The concreteness of Joseph is underlined in the Gospels of Matthew and Luke by the fact that no words spoken by him are reported to us, but always and only his actions.
This concreteness should also be a characteristic of our way of life, of our way of responding to a particular vocation, as well as of our way of working, whatever the work we do.

4. Then Joseph is one who knows how to dream. What does it mean to him knowing how to dream? It means being open to the profound meaning of life, it means being open to the mystery of God, it means knowing that being concrete does not mean being materialistic or even locked up in our only rational capacity. The dream indicates openness to a deeper sense of things than what appears at first sight, to a sense that comes from God; to a revelation that can surprise us just as a dream does; to a perspective that illuminates and makes us understand in a new way also what we already considered defined and established for our life. In biblical language, making room for dreams simply means making room for God who always goes beyond simple human calculation and also always beyond pure and simple human expectations and perspectives!

5. Consequently, precisely because he is open to dreams, Joseph also experiences the changes prompted by God through the circumstances of his life with trust and concreteness. This is how he welcomes Mary into his home and welcomes the Son of God whom she carries in her womb and accepts to give Him a name, which will be part of His identity, His vocation and His mission: “Jesus, Son of David”. This is the case when he accepts to become a refugee in Egypt and adapts to a precarious situation to which many workers have to adapt also to-day, in order to take care of their family, but also because there are inequities in the world and in history that make work precarious for most of the people who live and work to-day in our globalized world.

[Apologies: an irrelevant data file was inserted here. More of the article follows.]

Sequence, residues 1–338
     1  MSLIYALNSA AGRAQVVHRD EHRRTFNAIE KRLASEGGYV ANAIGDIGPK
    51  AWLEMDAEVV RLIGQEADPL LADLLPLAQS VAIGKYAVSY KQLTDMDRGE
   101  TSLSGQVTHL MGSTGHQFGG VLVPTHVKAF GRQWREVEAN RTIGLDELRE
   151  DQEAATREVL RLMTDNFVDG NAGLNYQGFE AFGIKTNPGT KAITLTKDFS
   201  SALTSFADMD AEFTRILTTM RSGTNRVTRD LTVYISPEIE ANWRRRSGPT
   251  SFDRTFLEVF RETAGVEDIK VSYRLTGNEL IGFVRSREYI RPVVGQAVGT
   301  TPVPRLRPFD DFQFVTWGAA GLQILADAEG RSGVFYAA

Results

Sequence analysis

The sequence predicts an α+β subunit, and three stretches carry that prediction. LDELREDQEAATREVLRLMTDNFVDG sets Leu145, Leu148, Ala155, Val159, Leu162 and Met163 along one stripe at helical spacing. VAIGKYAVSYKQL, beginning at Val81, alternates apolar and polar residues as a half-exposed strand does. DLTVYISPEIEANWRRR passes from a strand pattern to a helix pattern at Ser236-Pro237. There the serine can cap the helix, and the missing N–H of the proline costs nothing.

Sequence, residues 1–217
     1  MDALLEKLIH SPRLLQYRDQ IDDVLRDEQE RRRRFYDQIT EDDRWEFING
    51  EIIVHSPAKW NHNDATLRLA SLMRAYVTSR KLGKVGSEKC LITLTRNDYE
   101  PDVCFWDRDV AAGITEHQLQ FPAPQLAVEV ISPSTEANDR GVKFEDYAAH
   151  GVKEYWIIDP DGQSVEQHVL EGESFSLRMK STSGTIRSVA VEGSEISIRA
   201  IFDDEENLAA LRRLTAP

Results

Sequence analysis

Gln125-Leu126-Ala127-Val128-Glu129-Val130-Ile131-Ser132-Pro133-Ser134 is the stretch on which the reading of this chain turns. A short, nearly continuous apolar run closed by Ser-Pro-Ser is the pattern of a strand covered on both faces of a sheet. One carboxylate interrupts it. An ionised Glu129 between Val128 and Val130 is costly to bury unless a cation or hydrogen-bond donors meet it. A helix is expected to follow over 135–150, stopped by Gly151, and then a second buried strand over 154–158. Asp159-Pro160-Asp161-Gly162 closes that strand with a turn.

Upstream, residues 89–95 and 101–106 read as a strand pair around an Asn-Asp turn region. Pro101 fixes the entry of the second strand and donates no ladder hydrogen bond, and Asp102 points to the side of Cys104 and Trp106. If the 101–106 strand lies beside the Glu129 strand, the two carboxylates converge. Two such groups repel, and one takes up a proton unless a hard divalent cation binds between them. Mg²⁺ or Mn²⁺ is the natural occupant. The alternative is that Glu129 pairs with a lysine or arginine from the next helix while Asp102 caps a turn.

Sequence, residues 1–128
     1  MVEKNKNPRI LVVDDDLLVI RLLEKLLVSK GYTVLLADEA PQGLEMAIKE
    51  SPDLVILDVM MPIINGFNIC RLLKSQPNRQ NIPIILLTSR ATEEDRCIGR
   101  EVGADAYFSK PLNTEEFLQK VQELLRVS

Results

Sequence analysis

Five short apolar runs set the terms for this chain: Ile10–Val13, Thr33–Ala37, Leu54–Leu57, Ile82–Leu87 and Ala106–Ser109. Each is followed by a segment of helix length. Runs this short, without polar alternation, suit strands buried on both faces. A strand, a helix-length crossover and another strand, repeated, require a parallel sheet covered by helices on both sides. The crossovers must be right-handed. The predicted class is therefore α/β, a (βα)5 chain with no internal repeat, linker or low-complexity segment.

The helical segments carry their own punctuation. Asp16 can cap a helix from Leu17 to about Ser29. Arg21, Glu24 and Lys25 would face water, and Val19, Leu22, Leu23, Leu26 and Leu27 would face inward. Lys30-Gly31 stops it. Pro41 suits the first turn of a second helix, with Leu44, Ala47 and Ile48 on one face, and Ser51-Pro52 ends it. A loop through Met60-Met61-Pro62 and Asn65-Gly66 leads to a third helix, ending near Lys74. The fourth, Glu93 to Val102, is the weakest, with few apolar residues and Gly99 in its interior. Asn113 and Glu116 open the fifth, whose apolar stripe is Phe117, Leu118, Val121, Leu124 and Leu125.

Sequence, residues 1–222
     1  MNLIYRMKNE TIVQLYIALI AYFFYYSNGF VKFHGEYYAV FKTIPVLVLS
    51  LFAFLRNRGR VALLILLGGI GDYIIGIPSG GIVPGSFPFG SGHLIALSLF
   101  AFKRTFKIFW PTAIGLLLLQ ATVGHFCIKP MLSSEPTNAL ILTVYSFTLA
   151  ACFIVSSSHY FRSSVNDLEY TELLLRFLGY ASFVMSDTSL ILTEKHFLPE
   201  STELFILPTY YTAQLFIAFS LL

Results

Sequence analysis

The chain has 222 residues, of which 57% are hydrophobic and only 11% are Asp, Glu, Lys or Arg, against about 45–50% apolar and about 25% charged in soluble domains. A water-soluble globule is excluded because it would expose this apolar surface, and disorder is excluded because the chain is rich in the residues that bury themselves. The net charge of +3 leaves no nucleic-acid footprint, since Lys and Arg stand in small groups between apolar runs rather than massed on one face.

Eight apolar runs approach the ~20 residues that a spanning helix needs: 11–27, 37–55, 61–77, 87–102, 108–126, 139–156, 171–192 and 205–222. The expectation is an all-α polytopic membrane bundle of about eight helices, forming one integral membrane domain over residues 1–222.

6. What, then, can we learn from Saint Joseph the carpenter? I would say that we can and must learn above all not to be frightened when new and unforeseen situations arise in the course of our life and also in our vocation; then to allow ourselves to be enlightened by the word of God which helps us to understand in a deeper way what our human intelligence would risk cataloging only as a problem to be solved; finally he teaches us to respond concretely to situations and also to difficulties, facing them one at a time with confidence.

7. It is a beautiful programme of life that is suggested to us by Saint Joseph and which is summarized and condensed in the opening prayer that we prayed before the readings and which I invite you to meditate upon during this day: “O God, you have called human person to cooperate with work of the design of your creation, ensure that through the example and intercession of St. Joseph we remain faithful to the tasks you entrust to us, and receive the reward you promise us” (Collect of St. Joseph the worker). Amen.